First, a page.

The Sneak Peeks sessions at UCONs have always had their ups and downs, but there really didn't seem to be anything that stood out at all this year, apart from the costumes. Maybe I'm just jaded because I've seen the Shockwave 3D stuff for a while, but bookmarks in Flash movies? Ehhh. I almost wish some of the features in Director 8 had been shown. D8 came out after the last UCON, and every time I do an imaging Lingo trick in front of a Flash audience the inevitable reaction is "I didn't know Director could do that". Now was the time to show them. That and 3D, of course.


For dinner, a dozen or so of the faithful wandered a block over to a fine Irish pub for dinner, to gird ourselves for the Gatherings, the usual informal discussions that take place during the UCON where product managers, engineers, quality assurance folks, and developer relations people take on all comers.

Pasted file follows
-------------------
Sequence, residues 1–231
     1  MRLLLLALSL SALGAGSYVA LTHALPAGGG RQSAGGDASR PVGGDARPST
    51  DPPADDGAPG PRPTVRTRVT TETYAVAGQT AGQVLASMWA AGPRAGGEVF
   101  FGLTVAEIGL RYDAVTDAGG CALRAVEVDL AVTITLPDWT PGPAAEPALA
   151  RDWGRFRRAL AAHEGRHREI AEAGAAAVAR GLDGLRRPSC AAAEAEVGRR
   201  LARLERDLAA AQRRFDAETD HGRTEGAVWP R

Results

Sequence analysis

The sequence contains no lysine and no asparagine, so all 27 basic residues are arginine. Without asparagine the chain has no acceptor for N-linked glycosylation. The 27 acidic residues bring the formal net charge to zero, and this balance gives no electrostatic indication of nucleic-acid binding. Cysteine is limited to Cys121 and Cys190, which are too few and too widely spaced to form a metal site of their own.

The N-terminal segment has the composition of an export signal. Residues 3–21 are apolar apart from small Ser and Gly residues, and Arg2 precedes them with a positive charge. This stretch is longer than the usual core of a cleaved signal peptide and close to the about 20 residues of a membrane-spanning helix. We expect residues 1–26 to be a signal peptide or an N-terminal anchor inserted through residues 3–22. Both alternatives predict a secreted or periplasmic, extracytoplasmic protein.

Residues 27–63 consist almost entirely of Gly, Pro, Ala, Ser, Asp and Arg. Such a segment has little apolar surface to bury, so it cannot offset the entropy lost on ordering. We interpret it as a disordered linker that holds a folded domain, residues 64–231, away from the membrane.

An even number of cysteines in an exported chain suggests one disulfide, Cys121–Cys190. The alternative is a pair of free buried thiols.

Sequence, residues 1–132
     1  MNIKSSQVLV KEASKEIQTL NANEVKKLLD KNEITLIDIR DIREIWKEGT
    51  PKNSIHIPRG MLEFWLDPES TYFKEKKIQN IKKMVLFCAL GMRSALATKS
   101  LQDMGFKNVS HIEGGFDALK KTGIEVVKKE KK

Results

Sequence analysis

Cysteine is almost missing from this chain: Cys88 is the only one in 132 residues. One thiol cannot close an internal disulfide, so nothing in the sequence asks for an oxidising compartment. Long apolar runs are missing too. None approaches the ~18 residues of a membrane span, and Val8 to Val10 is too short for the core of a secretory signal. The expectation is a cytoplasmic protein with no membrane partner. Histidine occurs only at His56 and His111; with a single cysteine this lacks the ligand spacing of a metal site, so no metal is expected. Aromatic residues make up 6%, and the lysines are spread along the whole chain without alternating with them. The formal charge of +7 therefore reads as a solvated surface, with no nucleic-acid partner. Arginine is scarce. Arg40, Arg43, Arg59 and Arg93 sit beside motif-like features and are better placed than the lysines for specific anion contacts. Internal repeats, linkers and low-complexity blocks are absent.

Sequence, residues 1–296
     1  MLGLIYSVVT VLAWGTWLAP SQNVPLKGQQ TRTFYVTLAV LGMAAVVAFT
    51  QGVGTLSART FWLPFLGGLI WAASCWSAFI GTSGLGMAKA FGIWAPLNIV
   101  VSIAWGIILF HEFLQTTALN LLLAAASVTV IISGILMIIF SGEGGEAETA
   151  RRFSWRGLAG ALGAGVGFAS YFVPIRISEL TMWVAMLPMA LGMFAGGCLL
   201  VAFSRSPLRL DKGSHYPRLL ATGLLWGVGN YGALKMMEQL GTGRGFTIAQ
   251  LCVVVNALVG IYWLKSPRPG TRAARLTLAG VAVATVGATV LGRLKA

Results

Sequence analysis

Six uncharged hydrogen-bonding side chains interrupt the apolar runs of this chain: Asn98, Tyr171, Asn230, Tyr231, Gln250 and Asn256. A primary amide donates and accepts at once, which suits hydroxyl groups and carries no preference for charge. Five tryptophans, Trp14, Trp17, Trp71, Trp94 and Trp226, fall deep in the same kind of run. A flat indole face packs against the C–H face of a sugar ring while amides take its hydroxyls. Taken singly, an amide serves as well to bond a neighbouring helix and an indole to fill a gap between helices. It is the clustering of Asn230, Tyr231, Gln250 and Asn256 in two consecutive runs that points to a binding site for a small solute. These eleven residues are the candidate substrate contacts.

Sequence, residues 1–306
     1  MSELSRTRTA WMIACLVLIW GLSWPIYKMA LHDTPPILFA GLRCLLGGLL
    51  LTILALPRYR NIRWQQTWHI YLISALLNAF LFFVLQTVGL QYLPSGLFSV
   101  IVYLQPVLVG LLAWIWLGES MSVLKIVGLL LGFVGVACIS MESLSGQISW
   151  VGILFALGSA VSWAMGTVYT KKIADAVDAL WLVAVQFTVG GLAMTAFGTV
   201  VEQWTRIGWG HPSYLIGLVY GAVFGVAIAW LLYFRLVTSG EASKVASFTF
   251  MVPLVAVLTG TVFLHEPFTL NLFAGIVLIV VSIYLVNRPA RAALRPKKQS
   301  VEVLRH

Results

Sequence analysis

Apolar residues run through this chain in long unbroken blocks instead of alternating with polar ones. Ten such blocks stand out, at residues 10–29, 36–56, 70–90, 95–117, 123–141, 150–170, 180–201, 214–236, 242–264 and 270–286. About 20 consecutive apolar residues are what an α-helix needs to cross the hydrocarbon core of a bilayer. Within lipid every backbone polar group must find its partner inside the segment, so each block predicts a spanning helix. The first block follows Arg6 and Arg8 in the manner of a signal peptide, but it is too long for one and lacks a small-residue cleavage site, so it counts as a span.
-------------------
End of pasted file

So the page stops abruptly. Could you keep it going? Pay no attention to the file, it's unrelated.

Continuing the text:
I skipped by the Director Gathering at first to see what was up in the Flash world. As others have noted, the size of the Director crowd was considerably larger than the others, as was the number of Macromedia people involved. Just the list of official attendees in the conference guide for the Director group (Venu Venugopal, Chris Nuuja, Ken Day, Tom Higgins, Dave Simmons, and Dan Sadowski) almost equalled the combined Macromedia commitment to the other Gatherings, and several people were there who weren't on the list, like James Khazar and David Calaprice.